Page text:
Following his discovery, W�hler wrote to Berzelius, �.  .  .I must tell you that I can prepare urea without requiring kidneys or an animal, either man or dog� 12.  Berzelius replied, �It is quite an important and nice discovery which Herr Doktor effected and I was indescribably pleased to hear of it�13.  In his textbook on animal chemistry published in 1831, Berzelius writes, � W�hler made a remarkable discovery that urea can be produced artificially�14.

Despite the fact that Berzelius had recognized the importance of W�hler�s discovery, W�hler�s achievement had little immediate impact.  It was a revolutionary discovery that failed to cause a scientific revolution.  According to T.S.  Kuhn (1922- ) the American philosopher and historian of science, revolutions in science occur whenever there is a paradigm change.  Kuhn uses the term �paradigm� to mean a specific set of scientific achievements embodying experimental results and procedures, patterns of theoretical interpretation and methodological orientation15.  When a paradigm change occurs the accepted theoretical and experimental procedures are questioned and may be discarded or replaced by a new paradigm that fits the experimental observations more closely.  For example, Lavoisier�s (1743-94) investigations into the nature of combustion caused a paradigm change by displacing the previously widely accepted phlogiston theory.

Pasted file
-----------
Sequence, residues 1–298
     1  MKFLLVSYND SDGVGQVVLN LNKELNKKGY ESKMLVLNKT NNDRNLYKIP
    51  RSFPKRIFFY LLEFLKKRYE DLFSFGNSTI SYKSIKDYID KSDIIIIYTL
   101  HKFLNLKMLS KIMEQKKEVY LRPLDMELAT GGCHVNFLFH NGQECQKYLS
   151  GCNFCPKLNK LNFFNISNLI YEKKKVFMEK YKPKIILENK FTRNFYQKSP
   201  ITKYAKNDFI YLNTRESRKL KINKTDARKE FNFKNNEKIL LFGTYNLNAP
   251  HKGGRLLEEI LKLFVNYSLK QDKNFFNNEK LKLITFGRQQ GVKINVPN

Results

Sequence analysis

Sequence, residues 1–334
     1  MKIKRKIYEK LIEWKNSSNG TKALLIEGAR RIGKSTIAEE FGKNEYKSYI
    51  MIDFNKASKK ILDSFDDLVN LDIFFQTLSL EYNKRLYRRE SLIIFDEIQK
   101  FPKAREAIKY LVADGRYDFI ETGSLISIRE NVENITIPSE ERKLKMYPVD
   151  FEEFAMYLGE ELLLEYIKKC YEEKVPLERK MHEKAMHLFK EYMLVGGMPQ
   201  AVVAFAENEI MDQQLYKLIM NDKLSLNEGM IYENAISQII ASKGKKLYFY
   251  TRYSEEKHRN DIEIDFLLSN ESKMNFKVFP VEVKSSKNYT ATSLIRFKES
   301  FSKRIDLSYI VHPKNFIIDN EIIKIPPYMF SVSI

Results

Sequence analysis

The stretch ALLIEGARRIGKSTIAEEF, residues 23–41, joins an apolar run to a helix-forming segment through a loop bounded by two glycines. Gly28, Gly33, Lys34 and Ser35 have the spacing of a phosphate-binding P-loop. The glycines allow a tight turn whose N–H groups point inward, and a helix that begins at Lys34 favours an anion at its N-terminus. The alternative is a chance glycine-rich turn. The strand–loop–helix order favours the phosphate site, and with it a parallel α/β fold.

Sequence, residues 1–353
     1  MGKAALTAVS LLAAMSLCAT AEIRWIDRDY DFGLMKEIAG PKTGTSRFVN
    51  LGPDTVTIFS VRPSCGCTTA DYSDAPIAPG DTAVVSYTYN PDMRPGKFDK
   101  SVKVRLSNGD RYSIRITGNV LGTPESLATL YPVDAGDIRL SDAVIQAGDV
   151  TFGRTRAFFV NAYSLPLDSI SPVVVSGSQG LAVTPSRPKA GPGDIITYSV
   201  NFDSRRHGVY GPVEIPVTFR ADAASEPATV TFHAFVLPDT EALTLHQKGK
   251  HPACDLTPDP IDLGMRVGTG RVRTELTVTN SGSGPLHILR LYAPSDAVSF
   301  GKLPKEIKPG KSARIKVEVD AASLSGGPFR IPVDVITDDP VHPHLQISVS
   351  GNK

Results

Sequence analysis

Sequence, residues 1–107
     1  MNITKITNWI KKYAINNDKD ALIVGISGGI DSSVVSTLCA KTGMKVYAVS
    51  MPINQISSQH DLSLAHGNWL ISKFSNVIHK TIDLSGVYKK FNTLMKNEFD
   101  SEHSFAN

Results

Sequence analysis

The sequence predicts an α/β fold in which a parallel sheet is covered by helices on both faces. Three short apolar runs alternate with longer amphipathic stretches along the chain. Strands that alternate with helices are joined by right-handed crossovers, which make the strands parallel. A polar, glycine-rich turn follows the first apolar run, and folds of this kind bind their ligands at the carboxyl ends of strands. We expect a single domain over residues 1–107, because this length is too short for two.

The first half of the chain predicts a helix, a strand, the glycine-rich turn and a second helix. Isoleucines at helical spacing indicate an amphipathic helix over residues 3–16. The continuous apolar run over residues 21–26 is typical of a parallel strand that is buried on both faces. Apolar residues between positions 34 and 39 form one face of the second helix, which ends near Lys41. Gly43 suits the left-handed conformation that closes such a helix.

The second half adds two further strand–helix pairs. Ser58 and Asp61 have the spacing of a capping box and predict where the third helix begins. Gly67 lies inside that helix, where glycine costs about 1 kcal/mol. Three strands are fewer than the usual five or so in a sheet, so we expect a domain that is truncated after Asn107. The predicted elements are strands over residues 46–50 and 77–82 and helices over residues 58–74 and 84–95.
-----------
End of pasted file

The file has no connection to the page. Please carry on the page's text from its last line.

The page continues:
Some discoveries result in immediate scientific revolution while others do not.  Acceptance of Einstein�s (1879-1955) special and general theories of relativity was rapid and led to a profound paradigm change.  Acceptance of the implications of W�hler�s synthesis of urea was slow by comparison.  There was no revolution, no sudden paradigm shift.  It is unclear exactly how or why scientific revolutions occur.  Do they occur internally, because of the accretion of inconsistencies in the currently accepted paradigm, or are they caused by external forces, e.g. social and political upheavals, which provide the impetus for the reinterpretation of these same anomalies? Does communications technology, e.g. the Internet, which increases the flow of information also increase the likelihood of paradigm change?